Liberation of Paris

Special to the Advertiser 

By Elizabeth Joiner

All writers in Op Ed are here to inform and acknowledge issues of importance to our communities, however these writings represent the views  and opinions of the authors and not necessarily of The Advertiser

On August 25th of this year Paris will celebrate the 75thanniversary of its liberation from four years of German occupation. A procession of tanks and other vehicles of that era will parade down the Avenue du General Leclerc to Place Denfert-Rochereau, the site of a new museum devoted to the liberation of the French capital. Everyone in the city is invited to join the celebration by marching alongside the historic vehicles.

While the invasion of Normandy is well-known by most Americans, the details of the liberation of Paris are not. For this reason, some background is necessary. On June 16, 1940, France capitulated to the invading German forces, and French General Pétain formed a new government in collaboration with Nazi Germany. Two days later, French General Charles de Gaulle, who was in England, used the BBC to call on all French citizens to join him in resisting the German occupation. From that time forward, a growing number of courageous French citizens, both men and women, worked undercover inside France toward the goal of freeing their country. They were known as the FFI (Forces Françaises de l’intérieur). The Paris uprising began on August 18, 1944, with a general strike (railroad and urban transportation workers, police, postal employees, etc.) that paralyzed the city. Armed conflict began the following day as French patriots, greatly outnumbered by the occupying German forces, took possession of police headquarters, the central post office, and other strategic buildings. Only about 2000 FFI were armed as opposed to 20,000 occupying Germans, better armed and with 80 tanks.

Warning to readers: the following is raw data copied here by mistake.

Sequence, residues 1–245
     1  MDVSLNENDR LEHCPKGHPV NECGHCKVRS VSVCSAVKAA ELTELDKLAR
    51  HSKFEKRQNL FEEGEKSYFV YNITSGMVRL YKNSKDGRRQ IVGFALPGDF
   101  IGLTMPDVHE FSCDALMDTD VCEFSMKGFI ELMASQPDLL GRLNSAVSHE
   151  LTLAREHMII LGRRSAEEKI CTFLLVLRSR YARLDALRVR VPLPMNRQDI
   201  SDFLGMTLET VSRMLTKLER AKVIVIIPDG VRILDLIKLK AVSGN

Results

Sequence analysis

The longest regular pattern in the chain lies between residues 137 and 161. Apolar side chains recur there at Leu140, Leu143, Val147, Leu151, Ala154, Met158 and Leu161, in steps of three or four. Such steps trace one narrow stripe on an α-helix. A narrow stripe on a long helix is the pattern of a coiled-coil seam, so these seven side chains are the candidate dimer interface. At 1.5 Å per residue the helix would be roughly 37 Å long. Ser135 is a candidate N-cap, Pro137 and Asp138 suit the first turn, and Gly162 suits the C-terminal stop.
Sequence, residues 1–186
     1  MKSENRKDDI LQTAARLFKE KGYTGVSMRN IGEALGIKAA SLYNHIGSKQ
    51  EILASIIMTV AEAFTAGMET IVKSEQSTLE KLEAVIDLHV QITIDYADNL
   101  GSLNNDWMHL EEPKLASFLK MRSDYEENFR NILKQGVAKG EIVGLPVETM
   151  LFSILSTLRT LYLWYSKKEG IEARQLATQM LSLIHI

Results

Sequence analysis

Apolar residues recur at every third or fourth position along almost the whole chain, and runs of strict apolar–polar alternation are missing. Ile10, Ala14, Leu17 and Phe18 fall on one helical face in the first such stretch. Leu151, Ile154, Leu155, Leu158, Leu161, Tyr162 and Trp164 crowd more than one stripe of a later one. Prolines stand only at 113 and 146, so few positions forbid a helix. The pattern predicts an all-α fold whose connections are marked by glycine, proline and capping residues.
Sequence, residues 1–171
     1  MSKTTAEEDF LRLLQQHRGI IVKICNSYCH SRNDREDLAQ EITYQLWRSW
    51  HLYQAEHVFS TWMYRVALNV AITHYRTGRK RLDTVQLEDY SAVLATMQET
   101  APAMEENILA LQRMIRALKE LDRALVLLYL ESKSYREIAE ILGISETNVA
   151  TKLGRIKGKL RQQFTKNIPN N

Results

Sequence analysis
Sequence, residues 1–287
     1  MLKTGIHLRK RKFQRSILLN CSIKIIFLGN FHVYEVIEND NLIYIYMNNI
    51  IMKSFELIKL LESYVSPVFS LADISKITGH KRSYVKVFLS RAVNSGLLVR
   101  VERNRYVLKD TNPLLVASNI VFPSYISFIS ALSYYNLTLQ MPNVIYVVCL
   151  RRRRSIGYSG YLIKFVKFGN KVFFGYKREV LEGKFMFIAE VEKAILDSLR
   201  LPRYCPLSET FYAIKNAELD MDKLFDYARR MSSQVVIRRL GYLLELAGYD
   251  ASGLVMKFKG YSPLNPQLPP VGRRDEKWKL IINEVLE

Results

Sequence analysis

As the FFI continued their urban warfare hoping that Allied troops would soon arrive to help, they were unaware that General Eisenhower had decided to by-pass Paris and march the Allied Forces directly toward Germany. News of the Paris insurrection changed that plan. In fact, French General Leclerc made the decision to disobey his superior officer (French troops were under American command.) and march toward Paris. By the time his troops reached the city on August 24, French resistants (longstanding FFI plus citizens of Paris who joined at the last minute) held roughly one-third of the French capital, and the arrival of well-armed French troops with their tanks led to the German defeat. During the conflict, American troops south of Paris covered the right flank of the French troops. The German surrender was signed on August 25 at the Gare Montparnasse by French General Leclerc and German General von Choltitz.

The story of the Paris insurrection could have had a very different ending if the German General had followed Hitler’s orders to destroy Paris rather than capitulate. Von Choltitz had given the order to mine the bridges and monuments of the French capital, but he never gave the order that would have destroyed the city. There are several hypotheses concerning this decision, the most plausible of which is that he was convinced to disobey Hitler by the Swedish consul in Paris.

During the Battle of Paris, it is estimated that 1500 of 2000 FFI (French resistants) and 582 citizens of Paris were killed, while the French troops lost 156 lives. Tourists visiting Paris may notice here and there a small plaque honoring one of those who died to liberate their city a full nine months before the official end of World War II.

 

Elizabeth Joiner and her husband Buford Norman are retired French professors, formerly  at USC, and make their home in Paris half the year and in Columbia the other half.

 

 

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